A few cough syrups contain antihistamine ingredients, like dextromethorphan, that have anti-inflammatory properties. Antihistamines work by blocking histamine receptors. Histamine is a chemical released by the body during allergic reactions or colds/flu cases, which causes inflammation and increased mucus production. By blocking histamine, antihistamines can reduce throat inflammation, mucus production, and cough symptoms.
Many cough syrups contain demulcent ingredients like honey and sugar syrups. Demulcents work by creating a protective coating over irritated throat tissues. This coating soothes irritation and forms a physical barrier protecting throat tissues from further coughing damage. Demulcents also have a soothing, anesthetic effect when coating the throat.
Some cough syrups also contain a decongestant like pseudoephedrine. Decongestants work to relieve nasal and chest congestion by constricting blood vessels in the nasal and lung passages. This shrinks these tissues and opens breathing channels.
For coughs caused by congestion, decongestants can temporarily relieve cough and throat irritation. They work within 30 minutes to four hours after ingestion.
How to Ensure Proper Use of Cough Syrup?
When using cough syrup, it's essential to carefully read and follow all dosage instructions on the product label or package insert. Taking too much or too little cough syrup can reduce its effectiveness or potentially cause side effects.
Use an accurate dosing device, such as a calibrated spoon or oral syringe, to measure the correct amount for your age and weight. Only use cough syrup intended for your age group, as formulations differ for children versus adults. For example, many cough syrups for children contain lower concentrations of active ingredients.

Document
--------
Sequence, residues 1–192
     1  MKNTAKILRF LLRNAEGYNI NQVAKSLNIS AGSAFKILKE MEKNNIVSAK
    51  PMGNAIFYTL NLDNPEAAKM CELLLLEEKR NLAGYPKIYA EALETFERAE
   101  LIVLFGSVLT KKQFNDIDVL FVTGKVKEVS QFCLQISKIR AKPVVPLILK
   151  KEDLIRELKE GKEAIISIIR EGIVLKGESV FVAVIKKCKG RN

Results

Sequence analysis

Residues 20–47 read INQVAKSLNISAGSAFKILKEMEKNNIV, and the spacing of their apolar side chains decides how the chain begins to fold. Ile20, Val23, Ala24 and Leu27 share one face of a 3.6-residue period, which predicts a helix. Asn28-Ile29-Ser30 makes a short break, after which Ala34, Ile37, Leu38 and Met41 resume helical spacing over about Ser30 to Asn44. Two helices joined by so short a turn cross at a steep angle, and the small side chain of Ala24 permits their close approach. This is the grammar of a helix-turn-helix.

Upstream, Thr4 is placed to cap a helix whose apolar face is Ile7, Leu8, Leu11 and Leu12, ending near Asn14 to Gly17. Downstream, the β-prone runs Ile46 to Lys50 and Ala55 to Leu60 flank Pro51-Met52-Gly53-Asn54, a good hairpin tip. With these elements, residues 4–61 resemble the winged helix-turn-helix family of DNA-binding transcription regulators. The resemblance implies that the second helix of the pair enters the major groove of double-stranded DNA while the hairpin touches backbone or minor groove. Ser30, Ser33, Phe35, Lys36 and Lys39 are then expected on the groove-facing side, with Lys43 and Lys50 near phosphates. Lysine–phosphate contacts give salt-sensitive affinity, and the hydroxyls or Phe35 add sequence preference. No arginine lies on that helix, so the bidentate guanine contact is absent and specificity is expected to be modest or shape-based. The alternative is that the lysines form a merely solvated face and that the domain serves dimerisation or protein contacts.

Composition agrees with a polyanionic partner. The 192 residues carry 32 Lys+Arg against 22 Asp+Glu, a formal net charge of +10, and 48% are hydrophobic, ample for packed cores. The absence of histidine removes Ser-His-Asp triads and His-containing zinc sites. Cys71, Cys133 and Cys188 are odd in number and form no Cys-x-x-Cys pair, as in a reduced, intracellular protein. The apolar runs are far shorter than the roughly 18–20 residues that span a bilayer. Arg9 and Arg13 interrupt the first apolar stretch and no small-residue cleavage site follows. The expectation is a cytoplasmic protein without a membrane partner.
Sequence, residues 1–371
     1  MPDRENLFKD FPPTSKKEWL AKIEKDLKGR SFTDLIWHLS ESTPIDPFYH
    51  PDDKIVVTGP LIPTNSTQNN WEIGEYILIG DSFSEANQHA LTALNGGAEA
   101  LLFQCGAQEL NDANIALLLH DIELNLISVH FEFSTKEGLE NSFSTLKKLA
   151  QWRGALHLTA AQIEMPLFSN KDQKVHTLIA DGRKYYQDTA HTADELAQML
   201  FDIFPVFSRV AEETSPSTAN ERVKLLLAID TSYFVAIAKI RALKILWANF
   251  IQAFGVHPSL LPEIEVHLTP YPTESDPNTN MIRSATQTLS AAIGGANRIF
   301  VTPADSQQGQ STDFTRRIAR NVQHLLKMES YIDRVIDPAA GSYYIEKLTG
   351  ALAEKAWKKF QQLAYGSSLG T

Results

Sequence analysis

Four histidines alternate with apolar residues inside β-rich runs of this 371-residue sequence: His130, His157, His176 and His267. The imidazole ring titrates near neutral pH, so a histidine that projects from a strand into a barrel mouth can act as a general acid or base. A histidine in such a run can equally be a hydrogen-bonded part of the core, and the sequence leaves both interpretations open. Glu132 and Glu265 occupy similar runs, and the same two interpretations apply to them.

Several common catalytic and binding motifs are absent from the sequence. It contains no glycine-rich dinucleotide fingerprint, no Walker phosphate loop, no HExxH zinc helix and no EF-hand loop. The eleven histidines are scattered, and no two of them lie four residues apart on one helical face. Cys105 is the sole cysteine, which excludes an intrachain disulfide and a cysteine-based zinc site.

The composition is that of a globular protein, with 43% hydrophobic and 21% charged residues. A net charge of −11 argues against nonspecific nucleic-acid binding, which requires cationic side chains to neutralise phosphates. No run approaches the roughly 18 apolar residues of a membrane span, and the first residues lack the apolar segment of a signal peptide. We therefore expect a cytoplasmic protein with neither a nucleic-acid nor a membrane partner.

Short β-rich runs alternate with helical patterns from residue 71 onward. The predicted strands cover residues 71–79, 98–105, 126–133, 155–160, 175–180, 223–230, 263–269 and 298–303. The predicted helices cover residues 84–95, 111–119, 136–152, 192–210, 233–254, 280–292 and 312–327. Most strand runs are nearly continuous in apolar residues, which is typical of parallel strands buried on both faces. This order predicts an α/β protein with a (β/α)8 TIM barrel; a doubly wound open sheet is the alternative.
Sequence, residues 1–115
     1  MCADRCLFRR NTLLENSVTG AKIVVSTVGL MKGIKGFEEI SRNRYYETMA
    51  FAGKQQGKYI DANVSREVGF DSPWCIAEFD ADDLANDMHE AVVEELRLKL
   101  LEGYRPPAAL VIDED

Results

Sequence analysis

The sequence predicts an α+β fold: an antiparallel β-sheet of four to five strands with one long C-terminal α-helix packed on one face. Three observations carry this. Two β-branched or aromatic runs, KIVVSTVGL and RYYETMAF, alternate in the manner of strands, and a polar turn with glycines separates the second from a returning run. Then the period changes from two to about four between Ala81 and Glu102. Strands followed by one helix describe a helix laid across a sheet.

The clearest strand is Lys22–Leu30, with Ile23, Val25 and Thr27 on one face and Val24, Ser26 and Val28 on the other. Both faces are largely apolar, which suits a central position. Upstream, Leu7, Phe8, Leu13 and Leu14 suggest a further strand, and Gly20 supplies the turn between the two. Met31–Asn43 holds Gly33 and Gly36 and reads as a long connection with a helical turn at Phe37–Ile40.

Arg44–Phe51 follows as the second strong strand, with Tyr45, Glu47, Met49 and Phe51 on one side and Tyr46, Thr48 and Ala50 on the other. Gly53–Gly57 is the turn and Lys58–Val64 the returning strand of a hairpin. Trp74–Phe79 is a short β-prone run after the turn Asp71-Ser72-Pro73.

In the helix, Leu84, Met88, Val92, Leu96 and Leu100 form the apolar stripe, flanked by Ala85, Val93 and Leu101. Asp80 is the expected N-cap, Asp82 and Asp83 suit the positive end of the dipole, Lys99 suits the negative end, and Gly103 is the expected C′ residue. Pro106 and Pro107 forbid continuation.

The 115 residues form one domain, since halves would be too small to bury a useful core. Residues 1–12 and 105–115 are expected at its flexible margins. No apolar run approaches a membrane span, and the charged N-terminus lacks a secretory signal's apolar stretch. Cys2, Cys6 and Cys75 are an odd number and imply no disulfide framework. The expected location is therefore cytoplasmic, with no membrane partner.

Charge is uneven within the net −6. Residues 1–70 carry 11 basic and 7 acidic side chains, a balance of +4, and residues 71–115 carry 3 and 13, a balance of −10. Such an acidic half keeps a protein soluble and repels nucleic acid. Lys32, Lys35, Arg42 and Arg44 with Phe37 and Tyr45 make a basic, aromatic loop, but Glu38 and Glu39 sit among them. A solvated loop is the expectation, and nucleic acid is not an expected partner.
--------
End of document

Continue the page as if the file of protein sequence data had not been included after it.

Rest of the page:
It's also essential to check for potential drug interactions with prescription or over-the-counter medications you may already be taking. Some common medicines that can interact with cough syrup include antihistamines, antidepressants, antacids, and blood thinners.
Take cough syrup as needed based on cough frequency and severity rather than on a set schedule to get the best results. Allowing 6 hours between doses is generally recommended. This spacing between doses allows the active ingredients time to take full effect and prevents overuse.
Storing cough syrup as directed, usually below 86°F (30°C), helps maintain potency and quality. Always replace the cap securely after each use to prevent spillage or contamination. Proper use and storage help ensure cough syrup's effectiveness.
Cough syrups contain various active ingredients that work through different pathways to relieve cough symptoms. Codeine, expectorants, cough suppressants, local anesthetics, antihistamines, demulcents, and decongestants are the most common chemical constituents.
The different mechanisms of action include reducing cough reflex, loosening mucus, numbing the throat, reducing inflammation, coating the throat, or opening airways.
To use cough syrups safely and effectively, follow proper dosage instructions and storage guidelines. And with the understanding of how cough syrup can help soothe your throat, you'll be more confident reaching for a cough syrup the next time you cough.